Obasanjo, Yar’Adua, Jonathan and N1.5 Trillion by Olusegun Adeniyi
The Senate Committee on Public Accounts
last week revealed how the Federal Government under President Olusegun
Obasanjo; his successor, the late President Umaru Musa Yar'Adua and
current President Goodluck Jonathan grossly abused public funds from
some Special Funds Accounts to the tune of over a trillion Naira.
that there was more to the story
beyond the headlines, I had to work my contacts in the Senate to secure a
copy of the report. Aside reportorial curiousity, my interest also
stemmed from the fact that I served under one of the three presidents
who incidentally is no longer in a position to defend himself.
Having read the 17-page executive
summary as well as the 179-page full report, including the verbatim
transcript of the public hearing conducted by the committee, I can say
very quickly that the issue is not that of stealing of public funds but
impunity (which I dare say is a very serious offence, especially in
financial matters) while more than 95 percent of the infractions
documented in the report happened under President Obasanjo between 2002
and May 29, 2007.
Even when these special accounts were established for
specific interventions and attracted statutory financial accruals--each
running into hundreds of billions of Naira within the period in
question, they were administered almost as slush funds.
Chaired by Ahmad Lawan, one of the
longest serving lawmakers in our country today, (having spent two terms
as a House of Representatives member between 1999 and 2007 before he was
elected to the Senate where he is currently serving his second term),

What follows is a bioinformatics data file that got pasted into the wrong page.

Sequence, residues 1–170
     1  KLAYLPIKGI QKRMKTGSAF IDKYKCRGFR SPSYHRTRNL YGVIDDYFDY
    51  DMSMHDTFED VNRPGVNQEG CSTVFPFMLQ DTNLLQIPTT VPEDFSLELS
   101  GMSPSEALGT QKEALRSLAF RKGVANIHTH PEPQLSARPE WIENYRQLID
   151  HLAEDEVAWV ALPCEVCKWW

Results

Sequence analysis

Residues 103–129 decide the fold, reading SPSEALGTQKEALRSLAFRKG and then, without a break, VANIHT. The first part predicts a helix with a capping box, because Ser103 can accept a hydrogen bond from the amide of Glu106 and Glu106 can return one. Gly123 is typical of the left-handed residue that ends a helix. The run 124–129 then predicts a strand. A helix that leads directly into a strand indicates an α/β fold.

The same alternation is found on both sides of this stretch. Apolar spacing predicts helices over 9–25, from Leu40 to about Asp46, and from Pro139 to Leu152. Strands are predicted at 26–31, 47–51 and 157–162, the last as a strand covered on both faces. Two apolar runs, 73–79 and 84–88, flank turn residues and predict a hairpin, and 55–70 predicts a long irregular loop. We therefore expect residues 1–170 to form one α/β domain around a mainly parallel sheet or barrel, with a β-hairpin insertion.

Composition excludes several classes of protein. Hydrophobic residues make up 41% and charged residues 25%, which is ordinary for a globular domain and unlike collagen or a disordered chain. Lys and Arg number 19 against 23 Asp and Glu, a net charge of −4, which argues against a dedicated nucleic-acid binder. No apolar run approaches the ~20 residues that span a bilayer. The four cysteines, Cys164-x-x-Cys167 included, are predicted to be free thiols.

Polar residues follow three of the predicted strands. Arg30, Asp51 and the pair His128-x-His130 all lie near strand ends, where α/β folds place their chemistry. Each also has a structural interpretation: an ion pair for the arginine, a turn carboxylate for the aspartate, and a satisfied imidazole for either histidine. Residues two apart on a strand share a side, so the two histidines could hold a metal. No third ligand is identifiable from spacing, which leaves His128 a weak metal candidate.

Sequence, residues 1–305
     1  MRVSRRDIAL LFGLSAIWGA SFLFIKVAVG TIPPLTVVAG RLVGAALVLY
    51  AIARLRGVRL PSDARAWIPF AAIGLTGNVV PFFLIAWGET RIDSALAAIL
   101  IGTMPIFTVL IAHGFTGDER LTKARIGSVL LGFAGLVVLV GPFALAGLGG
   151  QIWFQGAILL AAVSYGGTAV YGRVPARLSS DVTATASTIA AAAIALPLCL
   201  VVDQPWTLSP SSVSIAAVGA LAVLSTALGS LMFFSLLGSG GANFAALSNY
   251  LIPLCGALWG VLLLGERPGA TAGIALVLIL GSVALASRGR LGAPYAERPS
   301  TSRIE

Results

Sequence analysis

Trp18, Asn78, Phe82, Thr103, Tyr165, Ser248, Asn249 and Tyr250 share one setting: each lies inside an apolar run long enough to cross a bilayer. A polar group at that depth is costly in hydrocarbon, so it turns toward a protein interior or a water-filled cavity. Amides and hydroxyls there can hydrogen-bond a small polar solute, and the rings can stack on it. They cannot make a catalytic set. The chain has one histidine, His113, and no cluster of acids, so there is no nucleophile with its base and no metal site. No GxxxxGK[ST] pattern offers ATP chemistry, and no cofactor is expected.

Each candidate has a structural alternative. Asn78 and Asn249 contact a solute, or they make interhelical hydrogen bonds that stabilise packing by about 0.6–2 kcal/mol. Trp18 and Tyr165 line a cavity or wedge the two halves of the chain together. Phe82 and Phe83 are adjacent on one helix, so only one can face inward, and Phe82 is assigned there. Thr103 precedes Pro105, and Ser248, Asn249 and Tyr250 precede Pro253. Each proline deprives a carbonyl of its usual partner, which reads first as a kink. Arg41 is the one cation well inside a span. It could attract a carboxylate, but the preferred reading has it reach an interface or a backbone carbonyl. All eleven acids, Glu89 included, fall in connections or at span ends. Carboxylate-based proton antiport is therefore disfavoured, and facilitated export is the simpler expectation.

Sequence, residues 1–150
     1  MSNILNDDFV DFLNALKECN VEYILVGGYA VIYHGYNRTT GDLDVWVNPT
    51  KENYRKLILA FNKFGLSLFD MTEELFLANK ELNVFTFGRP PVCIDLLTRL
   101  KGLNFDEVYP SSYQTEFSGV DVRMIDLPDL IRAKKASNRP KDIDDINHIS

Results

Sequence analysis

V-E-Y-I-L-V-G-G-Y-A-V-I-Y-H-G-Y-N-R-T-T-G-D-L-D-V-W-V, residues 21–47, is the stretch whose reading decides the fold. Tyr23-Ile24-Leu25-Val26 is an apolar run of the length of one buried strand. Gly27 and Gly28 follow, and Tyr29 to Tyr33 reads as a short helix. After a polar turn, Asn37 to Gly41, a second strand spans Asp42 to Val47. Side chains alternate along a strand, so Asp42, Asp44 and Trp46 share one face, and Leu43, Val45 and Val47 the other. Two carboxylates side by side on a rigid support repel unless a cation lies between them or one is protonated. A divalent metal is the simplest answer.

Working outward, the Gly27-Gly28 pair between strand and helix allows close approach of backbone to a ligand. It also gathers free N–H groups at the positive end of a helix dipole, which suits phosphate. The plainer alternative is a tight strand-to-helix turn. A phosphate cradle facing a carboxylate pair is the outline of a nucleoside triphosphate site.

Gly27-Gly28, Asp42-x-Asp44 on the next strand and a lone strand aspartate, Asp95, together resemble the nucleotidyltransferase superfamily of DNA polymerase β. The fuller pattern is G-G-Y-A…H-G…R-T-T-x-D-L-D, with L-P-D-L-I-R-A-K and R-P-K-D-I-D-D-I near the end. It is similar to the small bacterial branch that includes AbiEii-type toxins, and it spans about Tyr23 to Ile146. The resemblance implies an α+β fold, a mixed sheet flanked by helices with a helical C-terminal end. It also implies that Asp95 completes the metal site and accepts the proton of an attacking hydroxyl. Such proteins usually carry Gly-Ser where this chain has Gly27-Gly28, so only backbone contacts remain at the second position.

the Public Accounts Committee is one of the most productive committees
in the Senate and it has done extensive work on the management of the
It is therefore no surprise that its report, which
is very detailed, would raise some dust.
However, the critical issue is that
of transparency and accountability in the management of public funds in
our country and from the report, it is easy to see how certain
individuals sometimes act as though they are above the law. The weakness
of the National Assembly is also very glaring if almost $10 billion
could be spent outside the appropriation process, and in a most cynical
manner that conforms with neither the extant laws nor the purposes for
which these monies were earmarked.
Even when the lawmakers ordinarily
hold the power of the purse, we have unwittingly created a system where
about a billion dollars could be spent annually by the president almost
as he wished without clear guidelines.
Of the three special accounts looked
into, the first is the 3 percent "Development of Natural Resources
Account" which belongs to the Federal Government and was established to
fund the development of alternative mineral resources to oil and gas.
Essentially, it was to develop the solid minerals sector and within a
period of ten and half years, (from January 2002 to June 2012), the sum
of N873,400,023,790.19 had accrued to the account out of which
N701,489,494,960.61 had been spent by official record, leaving a
shortfall of about N162 billion.
The second account is the 1.46
percent "Derivation and Ecology Account" which also ,,,,
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